In an earlier article we looked at the basic drive configurations for plastic modular belts and explained that “one or more catenary sags are used to provide optimal belt-to-sprocket engagement”. These catenary sags not only provide back tension but also compensate for belt elongation caused by the load, wear between module and rod, and the effects of temperature. So there is no doubt that catenary sags are a vital component of conveyor systems.
But there are situations where catenary sags may not be desirable. For example, a catenary sag can be a potential danger to workers’ safety, or the return belt may be at a level that does not permit catenary sags due to lack of space.
The solution in these cases is to design the conveyor with a vertical or horizontal belt take-up unit. The vertical version consists of a gravity roller that creates a certain tension through its roller weight. The mostly horizontal tension roller version pushes on the belt in a specific area. These units permit adjustment of the belt path on the conveyor to the actual belt length. Both units ensure a small amount of back-tension where the belt leaves the drive unit. The dynamically installed rollers are able to compensate for belt elongation.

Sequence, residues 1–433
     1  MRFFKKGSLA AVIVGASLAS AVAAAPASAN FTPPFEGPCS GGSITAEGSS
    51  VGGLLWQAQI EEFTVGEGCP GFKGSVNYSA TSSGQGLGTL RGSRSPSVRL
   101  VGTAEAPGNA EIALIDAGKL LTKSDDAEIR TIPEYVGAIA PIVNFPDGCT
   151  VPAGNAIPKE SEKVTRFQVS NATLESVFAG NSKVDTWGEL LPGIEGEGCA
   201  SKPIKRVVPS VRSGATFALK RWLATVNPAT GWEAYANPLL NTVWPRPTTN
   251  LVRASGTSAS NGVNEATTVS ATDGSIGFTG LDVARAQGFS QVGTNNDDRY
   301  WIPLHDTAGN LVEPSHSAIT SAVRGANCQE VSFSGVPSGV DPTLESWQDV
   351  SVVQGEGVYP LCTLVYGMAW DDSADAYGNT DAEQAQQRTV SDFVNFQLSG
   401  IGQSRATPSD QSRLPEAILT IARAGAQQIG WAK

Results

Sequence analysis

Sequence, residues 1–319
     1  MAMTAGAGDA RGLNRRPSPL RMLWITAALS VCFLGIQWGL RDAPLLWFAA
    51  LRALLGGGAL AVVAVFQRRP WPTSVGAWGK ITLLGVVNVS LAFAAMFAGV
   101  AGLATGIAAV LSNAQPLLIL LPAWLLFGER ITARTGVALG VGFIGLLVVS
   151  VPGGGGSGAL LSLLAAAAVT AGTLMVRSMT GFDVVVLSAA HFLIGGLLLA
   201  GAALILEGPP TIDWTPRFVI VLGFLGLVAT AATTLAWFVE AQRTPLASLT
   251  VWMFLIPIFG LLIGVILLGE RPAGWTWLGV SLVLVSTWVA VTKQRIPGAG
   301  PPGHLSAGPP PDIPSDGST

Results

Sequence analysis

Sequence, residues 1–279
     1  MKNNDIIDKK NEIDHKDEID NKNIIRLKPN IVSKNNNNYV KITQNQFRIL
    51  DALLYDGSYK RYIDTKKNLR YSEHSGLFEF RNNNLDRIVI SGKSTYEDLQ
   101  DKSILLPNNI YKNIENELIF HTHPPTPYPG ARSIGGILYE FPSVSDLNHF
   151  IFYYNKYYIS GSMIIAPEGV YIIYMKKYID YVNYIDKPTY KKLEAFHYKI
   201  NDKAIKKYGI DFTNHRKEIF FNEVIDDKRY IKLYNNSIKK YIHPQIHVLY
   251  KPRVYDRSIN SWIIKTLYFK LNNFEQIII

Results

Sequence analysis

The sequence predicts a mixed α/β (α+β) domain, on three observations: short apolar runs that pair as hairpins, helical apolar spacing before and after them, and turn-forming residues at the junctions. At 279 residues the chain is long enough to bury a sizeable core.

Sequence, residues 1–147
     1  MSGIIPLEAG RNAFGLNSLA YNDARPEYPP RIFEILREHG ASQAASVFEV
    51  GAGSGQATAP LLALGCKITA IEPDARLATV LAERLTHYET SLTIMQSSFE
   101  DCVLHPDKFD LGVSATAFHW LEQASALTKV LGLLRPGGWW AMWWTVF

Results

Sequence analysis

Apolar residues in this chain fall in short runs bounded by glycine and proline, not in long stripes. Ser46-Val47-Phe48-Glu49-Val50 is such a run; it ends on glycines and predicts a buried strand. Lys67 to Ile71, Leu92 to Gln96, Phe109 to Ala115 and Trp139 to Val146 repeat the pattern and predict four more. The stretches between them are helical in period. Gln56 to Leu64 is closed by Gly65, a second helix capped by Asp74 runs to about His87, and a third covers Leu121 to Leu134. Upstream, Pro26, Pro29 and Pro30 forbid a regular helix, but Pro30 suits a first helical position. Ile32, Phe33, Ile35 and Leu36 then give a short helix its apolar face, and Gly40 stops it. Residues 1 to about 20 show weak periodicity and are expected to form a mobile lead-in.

If safety is a concern, the take-up unit can be covered and belt elongation can be monitored in this specific area as well. The gravity take-up unit is placed right after the drive, while the tension roller usually replaces a fixed idle shaft.
From my experience, the travel distance of the roller in the unit is often designed too short and the belt needs to be shortened quite soon after installation. As this is not very desirable, we recommend designing the roller travel distance taking into consideration an elongation of about 2% to 3% of the total belt length.
Do you require additional information? You can download the HabasitLINK Plastic Modular Belts Engineering Guidelines or contact me through email@example.com.